Trump has promised to build a high wall at the southern border to keep out illegal immigrants that he has said would cost $10 billion to $12 billion.
Mexico would pay for the wall or face consequences, his campaign said. Trump would “impound” remittance payments to Mexico from undocumented workers, and increase visa and border crossing fees for Mexican workers. Applying tariffs on Mexican goods and cutting foreign aid are also “options,” his campaign has said on his website.
He would deport the 11 million undocumented people living in America and end “birthright citizenship” for children born in the United States to illegal immigrants.
He has called for a temporary ban on Muslims entering the United States and would not allow refugees from Syria.
Trump would triple the number of border agents and require all businesses to use the E-Verify database to ensure employees are in the country legally.
He would withhold federal funding from “sanctuary cities” that decline to help the federal government deport illegal immigrants.
Trump’s campaign has also said he would “pause” new green cards and require employers to hire American workers first.
Trump has said he would repeal the Affordable Care Act, better known as Obamacare, and replace it with a system of health savings accounts.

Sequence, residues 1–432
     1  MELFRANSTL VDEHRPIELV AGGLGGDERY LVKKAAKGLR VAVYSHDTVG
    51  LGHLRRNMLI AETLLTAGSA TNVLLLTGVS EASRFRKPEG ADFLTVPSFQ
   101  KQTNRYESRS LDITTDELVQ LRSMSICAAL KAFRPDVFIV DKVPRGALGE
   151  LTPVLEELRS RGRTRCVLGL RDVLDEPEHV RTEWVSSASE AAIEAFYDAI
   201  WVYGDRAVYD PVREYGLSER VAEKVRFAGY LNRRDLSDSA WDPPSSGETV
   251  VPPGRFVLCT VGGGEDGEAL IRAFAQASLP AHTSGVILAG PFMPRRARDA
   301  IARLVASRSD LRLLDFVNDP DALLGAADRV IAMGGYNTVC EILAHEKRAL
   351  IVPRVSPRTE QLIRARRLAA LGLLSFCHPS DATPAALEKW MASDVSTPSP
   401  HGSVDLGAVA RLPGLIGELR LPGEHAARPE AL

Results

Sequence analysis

He would still require insurers to provide coverage to people with preexisting medical conditions, a key feature of Obamacare.
He would move to allow insurance companies to sell plans across state lines to spur competition.
Trump has said he could save the government $300 billion by negotiating better prices with drug companies.
Trump has promised to “knock out” Islamic State quickly and said he is open to working with Russia to do so.
He has said he would “bomb the oil” that helps finance the insurgent group and stop the “back channels of banking” used by the group.
He has vowed to bring back the use of waterboarding, an interrogation technique that simulates drowning and has been banned as torture under U.S. law. He said he also supports other, unspecified techniques “a hell of a lot worse” than waterboarding.
He would “take out” the family members of Islamic State militants and would like to shut down “areas” of the Internet to try to stop the group from recruiting members.
He wants to build a “safe zone” for Syrian refugees in Syria. But Gulf states would have to pay for it.
He has said the United States should first deal with Islamic State before addressing President Bashar al-Assad’s future, saying “We have to do one thing at a time.”
He has questioned whether the United States should back opposition groups in Syria, saying “we have no idea who they are.”
Trump has said he would increase the size and power of the U.S. military to make it “so strong, so powerful that nobody’s going to mess with us.”
He says too much money is wasted buying equipment the military does not want.
He wants Japan, Germany, South Korea and Saudi Arabia to bear more of the cost of military aid provided by the United States. “We can no longer defend all of these countries,” he said, citing the deficit.
Trump would boost the U.S. military presence in the East and South China seas to “discourage Chinese adventurism,” according to his website.
(Reporting by Roberta Rampton, editing by Ross Colvin)